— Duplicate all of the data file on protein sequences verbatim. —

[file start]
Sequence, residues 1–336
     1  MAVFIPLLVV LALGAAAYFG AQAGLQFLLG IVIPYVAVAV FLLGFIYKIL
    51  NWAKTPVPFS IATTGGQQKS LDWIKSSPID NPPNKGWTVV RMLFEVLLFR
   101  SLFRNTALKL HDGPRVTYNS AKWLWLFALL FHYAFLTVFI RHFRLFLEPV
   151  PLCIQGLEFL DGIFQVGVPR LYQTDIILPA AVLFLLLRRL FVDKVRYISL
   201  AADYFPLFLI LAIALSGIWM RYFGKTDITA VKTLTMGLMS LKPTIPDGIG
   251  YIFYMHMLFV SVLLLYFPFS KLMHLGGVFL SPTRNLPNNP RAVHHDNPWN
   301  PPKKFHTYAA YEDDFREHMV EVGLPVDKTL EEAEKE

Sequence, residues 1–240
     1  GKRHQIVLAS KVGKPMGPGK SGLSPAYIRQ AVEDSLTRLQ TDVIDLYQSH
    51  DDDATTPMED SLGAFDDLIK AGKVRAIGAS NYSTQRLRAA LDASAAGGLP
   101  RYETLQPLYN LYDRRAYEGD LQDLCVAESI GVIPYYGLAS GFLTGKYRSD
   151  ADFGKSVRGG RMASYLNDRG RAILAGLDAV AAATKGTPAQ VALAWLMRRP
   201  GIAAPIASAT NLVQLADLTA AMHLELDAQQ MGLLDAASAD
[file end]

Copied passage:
Sequence, residues 1–336
     1  MAVFIPLLVV LALGAAAYFG AQAGLQFLLG IVIPYVAVAV FLLGFIYKIL
    51  NWAKTPVPFS IATTGGQQKS LDWIKSSPID NPPNKGWTVV RMLFEVLLFR
   101  SLFRNTALKL HDGPRVTYNS AKWLWLFALL FHYAFLTVFI RHFRLFLEPV
   151  PLCIQGLEFL DGIFQVGVPR LYQTDIILPA AVLFLLLRRL FVDKVRYISL
   201  AADYFPLFLI LAIALSGIWM RYFGKTDITA VKTLTMGLMS LKPTIPDGIG
   251  YIFYMHMLFV SVLLLYFPFS KLMHLGGVFL SPTRNLPNNP RAVHHDNPWN
   301  PPKKFHTYAA YEDDFREHMV EVGLPVDKTL EEAEKE

Sequence, residues 1–240
     1  GKRHQIVLAS KVGKPMGPGK SGLSPAYIRQ AVEDSLTRLQ TDVIDLYQSH
    51  DDDATTPMED SLGAFDDLIK AGKVRAIGAS NYSTQRLRAA LDASAAGGLP
   101  RYETLQPLYN LYDRRAYEGD LQDLCVAESI GVIPYYGLAS GFLTGKYRSD
   151  ADFGKSVRGG RMASYLNDRG RAILAGLDAV AAATKGTPAQ VALAWLMRRP
   201  GIAAPIASAT NLVQLADLTA AMHLELDAQQ MGLLDAASAD